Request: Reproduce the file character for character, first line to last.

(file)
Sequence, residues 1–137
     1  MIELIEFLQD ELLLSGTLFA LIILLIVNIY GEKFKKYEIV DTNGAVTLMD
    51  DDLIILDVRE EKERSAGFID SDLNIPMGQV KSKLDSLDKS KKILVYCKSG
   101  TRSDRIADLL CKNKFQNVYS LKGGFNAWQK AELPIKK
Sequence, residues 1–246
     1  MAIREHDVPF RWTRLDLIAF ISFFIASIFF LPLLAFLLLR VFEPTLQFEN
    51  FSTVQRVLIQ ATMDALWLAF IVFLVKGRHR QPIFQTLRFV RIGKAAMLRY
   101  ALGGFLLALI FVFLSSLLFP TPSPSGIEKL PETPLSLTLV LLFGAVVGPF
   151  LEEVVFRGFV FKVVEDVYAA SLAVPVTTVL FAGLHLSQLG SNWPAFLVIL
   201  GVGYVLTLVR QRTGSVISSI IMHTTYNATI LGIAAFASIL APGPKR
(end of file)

Sequence, residues 1–137
     1  MIELIEFLQD ELLLSGTLFA LIILLIVNIY GEKFKKYEIV DTNGAVTLMD
    51  DDLIILDVRE EKERSAGFID SDLNIPMGQV KSKLDSLDKS KKILVYCKSG
   101  TRSDRIADLL CKNKFQNVYS LKGGFNAWQK AELPIKK
Sequence, residues 1–246
     1  MAIREHDVPF RWTRLDLIAF ISFFIASIFF LPLLAFLLLR VFEPTLQFEN
    51  FSTVQRVLIQ ATMDALWLAF IVFLVKGRHR QPIFQTLRFV RIGKAAMLRY
   101  ALGGFLLALI FVFLSSLLFP TPSPSGIEKL PETPLSLTLV LLFGAVVGPF
   151  LEEVVFRGFV FKVVEDVYAA SLAVPVTTVL FAGLHLSQLG SNWPAFLVIL
   201  GVGYVLTLVR QRTGSVISSI IMHTTYNATI LGIAAFASIL APGPKR